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Lamola and Cele condemn Senekal violence

Tankiso Makhetha Investigative reporter
Justice and police ministers Ronald Lamola and Bheki Cele have condemned the violence that unfolded at the Senekal court in the Free State.
Justice and police ministers Ronald Lamola and Bheki Cele have condemned the violence that unfolded at the Senekal court in the Free State.
Image: Supplied

Arrests are expected to be made by Free State police following a violent protest that broke out in the Senekal magistrate’s court on Tuesday.

Brig Motantsi Makhele said on Wednesday that police were gathering evidence and going through video footage of the protest in which shots were fired and a police vehicle was torched.

“We have not made any arrests as yet because we are busy with investigations. We are going through the video footage that surfaced to see if we can identify some of the culprits,” Makhele said.

Violence erupted when hundreds of farmers and residents stormed into court after the two men alleged to have murdered farm manager Brendin Horner were charged.

Sekwetje Mahlamba and Sekola Matlaletsa allegedly murdered Horner after they assaulted him and tied him with a rope around his neck to a pole at a farm in Paul Roux on Friday.

National Prosecuting Authority spokesperson Phaladi Shuping said the pair face charges of murder and robbery. “They will appear again on October 16 for a bail application,” Shuping said.

Justice and correctional services minister Ronald Lamola has condemned “in the strongest possible terms the anarchic violence” by protesters at the Senekal magistrate's court  on Tuesday.

“The disturbing scenes of members of the public storming a court and damaging property have no place in a free and democratic SA. Beyond the obvious trail of destruction of public property, [Tuesday's] actions are an inexcusable assault on the rule of law and the criminal justice system. We want to urge members of the community, however aggrieved they might be, to allow the court and the justice system to run their course,” his spokesperson Chrispin Phiri said.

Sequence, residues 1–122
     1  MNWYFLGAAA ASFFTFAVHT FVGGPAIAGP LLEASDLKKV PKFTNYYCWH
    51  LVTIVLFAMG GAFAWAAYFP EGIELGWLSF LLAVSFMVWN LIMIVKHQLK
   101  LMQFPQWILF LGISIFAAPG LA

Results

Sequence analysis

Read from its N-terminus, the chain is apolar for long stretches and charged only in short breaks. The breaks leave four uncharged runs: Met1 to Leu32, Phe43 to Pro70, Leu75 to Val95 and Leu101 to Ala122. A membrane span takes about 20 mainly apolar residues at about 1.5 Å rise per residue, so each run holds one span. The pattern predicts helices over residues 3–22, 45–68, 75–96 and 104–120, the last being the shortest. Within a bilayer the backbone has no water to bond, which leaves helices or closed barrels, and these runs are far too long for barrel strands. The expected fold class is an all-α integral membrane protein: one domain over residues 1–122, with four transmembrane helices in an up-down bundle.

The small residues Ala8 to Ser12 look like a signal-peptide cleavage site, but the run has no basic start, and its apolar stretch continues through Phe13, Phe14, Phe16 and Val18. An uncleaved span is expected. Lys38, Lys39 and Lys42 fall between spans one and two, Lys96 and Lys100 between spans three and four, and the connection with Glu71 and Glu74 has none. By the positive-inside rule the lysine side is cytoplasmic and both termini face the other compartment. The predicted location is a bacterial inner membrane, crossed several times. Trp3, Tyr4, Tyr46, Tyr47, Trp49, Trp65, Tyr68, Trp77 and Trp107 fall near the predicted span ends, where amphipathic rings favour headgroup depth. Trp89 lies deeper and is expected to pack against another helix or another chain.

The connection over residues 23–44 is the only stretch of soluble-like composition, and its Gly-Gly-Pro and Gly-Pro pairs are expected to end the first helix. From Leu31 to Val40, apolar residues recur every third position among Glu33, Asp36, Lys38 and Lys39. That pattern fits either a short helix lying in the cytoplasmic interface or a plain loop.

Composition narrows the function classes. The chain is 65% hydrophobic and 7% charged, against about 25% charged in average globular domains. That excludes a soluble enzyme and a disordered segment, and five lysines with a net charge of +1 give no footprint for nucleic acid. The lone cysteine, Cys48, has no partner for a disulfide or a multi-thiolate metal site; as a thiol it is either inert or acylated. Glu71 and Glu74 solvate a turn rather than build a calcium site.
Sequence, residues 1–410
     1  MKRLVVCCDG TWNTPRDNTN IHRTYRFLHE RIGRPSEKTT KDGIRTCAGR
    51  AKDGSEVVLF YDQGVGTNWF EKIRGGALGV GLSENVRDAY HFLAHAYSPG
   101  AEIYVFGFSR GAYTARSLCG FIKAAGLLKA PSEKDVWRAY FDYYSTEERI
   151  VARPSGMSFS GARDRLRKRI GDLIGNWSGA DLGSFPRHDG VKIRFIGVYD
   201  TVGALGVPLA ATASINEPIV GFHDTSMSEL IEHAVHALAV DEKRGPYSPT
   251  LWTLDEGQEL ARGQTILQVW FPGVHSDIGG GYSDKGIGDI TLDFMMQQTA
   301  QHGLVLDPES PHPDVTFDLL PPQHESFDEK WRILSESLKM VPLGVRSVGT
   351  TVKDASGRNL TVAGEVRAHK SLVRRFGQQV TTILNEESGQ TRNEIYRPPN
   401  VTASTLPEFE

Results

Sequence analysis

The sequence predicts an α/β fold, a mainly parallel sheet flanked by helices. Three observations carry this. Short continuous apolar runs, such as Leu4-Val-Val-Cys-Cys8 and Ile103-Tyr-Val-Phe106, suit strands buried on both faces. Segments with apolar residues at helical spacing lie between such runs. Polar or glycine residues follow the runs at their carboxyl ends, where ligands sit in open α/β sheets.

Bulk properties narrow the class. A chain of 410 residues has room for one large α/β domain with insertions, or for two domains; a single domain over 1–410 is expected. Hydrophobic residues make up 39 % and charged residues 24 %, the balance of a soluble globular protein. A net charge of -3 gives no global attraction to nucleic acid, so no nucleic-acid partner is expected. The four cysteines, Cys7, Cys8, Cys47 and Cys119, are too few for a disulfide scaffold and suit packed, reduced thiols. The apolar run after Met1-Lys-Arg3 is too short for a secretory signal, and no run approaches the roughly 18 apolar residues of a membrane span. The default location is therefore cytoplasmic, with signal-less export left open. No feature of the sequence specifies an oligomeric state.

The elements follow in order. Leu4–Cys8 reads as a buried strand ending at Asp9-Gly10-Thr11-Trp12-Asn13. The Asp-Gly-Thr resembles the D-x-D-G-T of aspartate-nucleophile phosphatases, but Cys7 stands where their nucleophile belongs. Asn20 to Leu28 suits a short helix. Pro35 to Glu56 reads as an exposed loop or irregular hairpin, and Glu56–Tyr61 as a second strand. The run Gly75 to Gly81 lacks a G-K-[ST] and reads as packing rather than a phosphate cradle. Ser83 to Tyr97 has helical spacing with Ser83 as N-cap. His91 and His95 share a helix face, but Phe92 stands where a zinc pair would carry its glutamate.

Lamola said: “We urge the law enforcement authorities to ensure that the rule of law is maintained and an important part of that is to ensure that those responsible for undermining the administration of justice and the destruction of public property are brought to book.

“The right to hold or participate in protest action is a constitutional right; however, no right is unlimited and with this right comes the responsibility to exercise the right to protest in a lawful manner. Protesters may not damage private or public property or act in a manner that infringes on the rights or the safety of others.

“In their attempt to storm into the court, the protesters' actions in Senekal  were an attempt to undermine the rule of law and damage the very same justice system that ought to protect society. If such attacks against the rule of law are allowed to go unchecked, our society will run the risk of descending into anarchy. It is in the interest of everyone to ensure that respect for the rule of law is defended and upheld. However strongly communities may feel about issues, we simply cannot allow individuals to take the law into their own hands,” Lamola said.

Farm manager Brendin Horner's body was found tied to a farm gate after he was killed by unknown attackers on October 2 2020. The death has outraged agricultural leaders and community members from Senekal and surrounding areas who demanded justice.

EFF leader Julius Malema slammed the response by police after the protest by farmers turned violent. In a statement released by the party, Malema said the “pathetic cowardice” displayed by officers outside the court illustrated the biased racial tolerance in which protesting black people are met with rubber bullets and teargas while white people in similar situations are allowed to do so with no consequence.

“These individuals, arrogant as a result of this ANC-led government which suffers from low self-esteem and a fear of whiteness, committed these violent acts knowing very well no force would be shown against them because of the colour of their skin,” Malema said.

“Unlike the countless times where we have seen law enforcement use force against black people who protest peacefully for genuine issues, the white men who terrorised police outside a court of law operated with impunity.”

Police minister Bheki Cele labelled the events that unfolded as lawlessness.

“This type of lawlessness cannot be justified nor taken lightly. There is no logic when protesters burn a police van which is the same resource which is meant to assist them,” Cele said.

He said the protesters' anger towards police was confusing because arrests in the matter have been made.

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